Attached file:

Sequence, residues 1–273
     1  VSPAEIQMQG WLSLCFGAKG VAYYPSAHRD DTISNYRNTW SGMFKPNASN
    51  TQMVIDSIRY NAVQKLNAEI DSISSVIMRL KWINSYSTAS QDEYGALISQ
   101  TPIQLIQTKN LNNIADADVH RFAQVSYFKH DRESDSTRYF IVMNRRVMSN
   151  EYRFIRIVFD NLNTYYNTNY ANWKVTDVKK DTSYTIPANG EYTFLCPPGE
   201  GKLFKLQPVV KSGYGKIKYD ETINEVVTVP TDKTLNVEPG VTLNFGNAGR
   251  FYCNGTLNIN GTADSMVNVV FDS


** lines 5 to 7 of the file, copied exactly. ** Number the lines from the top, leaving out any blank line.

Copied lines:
   151  EYRFIRIVFD NLNTYYNTNY ANWKVTDVKK DTSYTIPANG EYTFLCPPGE
   201  GKLFKLQPVV KSGYGKIKYD ETINEVVTVP TDKTLNVEPG VTLNFGNAGR
   251  FYCNGTLNIN GTADSMVNVV FDS